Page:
Last month Kelly Conlon arrived with her daughter's Girl Scout troop to watch a performance at Radio City Music Hall, but she abruptly was denied entry. Why? Conlon works for a law firm that Radio City’s parent company had blacklisted. Conlon was found out for an even more surprising reason: the venue's use of facial recognition technology.
Last week Gov. Phil Scott issued an executive proclamation recognizing this week as National School Choice Week. Its key clauses were “it is important for parents in Vermont to explore and identify the best education options available to their children; and research demonstrates providing children with multiple education options improves academic performance; and School Choice Week is a national celebration recognized by millions of students, parents, educators, schools and community leaders for the purpose of raising public awareness of the importance of effective education options for children.
A January 9 article in the Washington Post exemplified the sloppy reporting endemic to the debate over what the enviros and the media call “climate change.”
Montpelier – As the Vermont legislature gears up for lawmaking in 2023, a big issue in the education arena is what to do about Vermont’s 150-year-old school choice system known as “tuitioning” following the Carson v. Makin US Supreme Court decision. Makin ruled that if a state offers a school choice program, as Vermont does, it cannot discriminate against religious schools from participating in the program.
While Vermont climateers are pressing forward their broad and costly agenda here, their counterparts in New York City are well down that same road. Just before Christmas the New York City Buildings Department released the first set of final rules for a landmark climate law passed in 2019 that aims to significantly slash [carbon dioxide ] emissions from buildings that are larger than 25,000 square feet — the city’s biggest source of emissions..
On January 4, fresh off a seventy percent reelection victory, Gov. Phil Scott gave his fourth inaugural address to the legislature and the people. As we have come to expect, it was a workmanlike address, emphasizing what is good about Vermont and what his administration has done in the past six years to restrain costly government while working to address real, continuing problems not of the governor’s making.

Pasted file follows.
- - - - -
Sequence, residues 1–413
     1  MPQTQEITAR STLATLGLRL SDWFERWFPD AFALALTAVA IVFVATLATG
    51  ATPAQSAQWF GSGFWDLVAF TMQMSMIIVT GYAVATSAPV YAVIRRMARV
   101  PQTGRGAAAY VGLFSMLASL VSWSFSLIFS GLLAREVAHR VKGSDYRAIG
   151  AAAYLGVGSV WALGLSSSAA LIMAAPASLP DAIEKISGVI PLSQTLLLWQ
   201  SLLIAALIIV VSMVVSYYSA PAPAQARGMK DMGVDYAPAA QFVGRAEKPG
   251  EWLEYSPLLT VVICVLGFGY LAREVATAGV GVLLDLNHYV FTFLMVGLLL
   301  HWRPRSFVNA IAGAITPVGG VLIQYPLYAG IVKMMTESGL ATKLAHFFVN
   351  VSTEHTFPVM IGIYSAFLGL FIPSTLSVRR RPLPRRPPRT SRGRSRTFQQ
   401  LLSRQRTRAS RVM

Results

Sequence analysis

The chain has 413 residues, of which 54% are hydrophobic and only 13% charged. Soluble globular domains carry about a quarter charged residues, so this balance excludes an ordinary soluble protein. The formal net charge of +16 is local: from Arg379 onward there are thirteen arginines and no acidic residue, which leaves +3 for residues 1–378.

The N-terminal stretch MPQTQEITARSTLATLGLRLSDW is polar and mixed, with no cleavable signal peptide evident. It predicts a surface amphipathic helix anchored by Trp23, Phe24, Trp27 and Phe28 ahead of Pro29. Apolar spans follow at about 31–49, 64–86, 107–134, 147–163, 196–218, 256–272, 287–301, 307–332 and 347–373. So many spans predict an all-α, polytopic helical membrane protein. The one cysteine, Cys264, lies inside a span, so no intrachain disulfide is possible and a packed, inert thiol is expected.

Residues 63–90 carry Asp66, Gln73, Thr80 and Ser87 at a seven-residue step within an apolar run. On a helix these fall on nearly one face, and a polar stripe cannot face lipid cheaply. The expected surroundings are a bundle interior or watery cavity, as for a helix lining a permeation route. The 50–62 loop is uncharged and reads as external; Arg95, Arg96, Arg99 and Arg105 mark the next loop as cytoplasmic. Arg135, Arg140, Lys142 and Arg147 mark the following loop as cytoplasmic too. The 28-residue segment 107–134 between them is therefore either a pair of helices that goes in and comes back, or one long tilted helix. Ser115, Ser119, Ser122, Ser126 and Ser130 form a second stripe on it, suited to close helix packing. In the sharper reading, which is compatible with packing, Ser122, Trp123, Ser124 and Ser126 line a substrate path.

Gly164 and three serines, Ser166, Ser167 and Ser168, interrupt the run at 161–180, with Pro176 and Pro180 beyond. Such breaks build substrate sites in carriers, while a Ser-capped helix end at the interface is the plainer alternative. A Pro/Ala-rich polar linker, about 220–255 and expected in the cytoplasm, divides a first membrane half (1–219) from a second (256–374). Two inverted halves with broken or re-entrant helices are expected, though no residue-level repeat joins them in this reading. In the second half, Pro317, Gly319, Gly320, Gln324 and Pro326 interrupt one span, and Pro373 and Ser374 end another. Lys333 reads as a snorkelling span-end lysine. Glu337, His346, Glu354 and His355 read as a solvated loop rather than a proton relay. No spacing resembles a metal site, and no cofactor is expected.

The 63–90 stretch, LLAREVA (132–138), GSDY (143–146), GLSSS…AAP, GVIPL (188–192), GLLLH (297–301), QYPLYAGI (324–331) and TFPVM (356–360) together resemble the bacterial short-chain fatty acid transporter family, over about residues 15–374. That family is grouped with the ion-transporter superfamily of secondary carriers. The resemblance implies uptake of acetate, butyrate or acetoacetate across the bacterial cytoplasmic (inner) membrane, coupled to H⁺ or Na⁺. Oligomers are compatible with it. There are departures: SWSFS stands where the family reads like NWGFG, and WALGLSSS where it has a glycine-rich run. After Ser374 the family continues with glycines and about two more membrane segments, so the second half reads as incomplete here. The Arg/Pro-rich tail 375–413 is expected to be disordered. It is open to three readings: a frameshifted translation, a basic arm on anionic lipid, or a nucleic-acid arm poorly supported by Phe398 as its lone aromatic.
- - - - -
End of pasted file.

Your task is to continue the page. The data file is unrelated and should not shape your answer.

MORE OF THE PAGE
A report by Emma Cotton in Vermont Digger (12/14) touts the new Weatherization Repayment Assistance Program to be offered to their customers by Green Mountain Power, Vermont Gas, Burlington Electric, and other utilities. It will allow homeowners to spread the cost of weatherizing and installing electric heat pumps over years of utility bills, at an extra cost of as little as $20 per month. Says Maura Collins, executive director of the Vermont Home Financing Agency, “energy savings should more than make up for the new charge that will be on your utility bill.” To assist lower income homeowners and renters, the taxpayers are putting in $9 million.
The Washington Post reports that “After two weeks of tense negotiations at the U.N. Climate Change Conference in Egypt, known as COP27, diplomats reached a final agreement that yielded a breakthrough in helping vulnerable countries cope with climate disasters.”
On November 17 the Legislative Committee on Administrative Rules, called LCAR, voted to approve the decision by the Scott administration to conform Vermont’s clean air rules to the latest version set by the California Air Resources Board. Vermont first signed on to the California rules in 1996. It signed on to amended rules in 2001 – as decreed by Gov. Howard Dean over the objections – twice – of LCAR.
According to the Energy Information Administration, the price of heating oil, a fuel most commonly used in New England to heat homes, has gone up by 65% since October 2021. Counting propane and kerosene, 58% of Vermont households rely on petroleum heating fuels, other than natural gas.